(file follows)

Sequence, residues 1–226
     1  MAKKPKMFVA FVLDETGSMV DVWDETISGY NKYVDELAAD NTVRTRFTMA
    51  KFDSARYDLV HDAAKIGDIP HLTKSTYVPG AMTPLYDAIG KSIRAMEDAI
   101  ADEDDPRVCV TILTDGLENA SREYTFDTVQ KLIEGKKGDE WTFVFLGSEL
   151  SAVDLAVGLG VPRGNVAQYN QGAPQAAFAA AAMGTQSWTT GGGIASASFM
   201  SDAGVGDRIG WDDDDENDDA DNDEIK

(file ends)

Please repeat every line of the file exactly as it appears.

Sequence, residues 1–226
     1  MAKKPKMFVA FVLDETGSMV DVWDETISGY NKYVDELAAD NTVRTRFTMA
    51  KFDSARYDLV HDAAKIGDIP HLTKSTYVPG AMTPLYDAIG KSIRAMEDAI
   101  ADEDDPRVCV TILTDGLENA SREYTFDTVQ KLIEGKKGDE WTFVFLGSEL
   151  SAVDLAVGLG VPRGNVAQYN QGAPQAAFAA AAMGTQSWTT GGGIASASFM
   201  SDAGVGDRIG WDDDDENDDA DNDEIK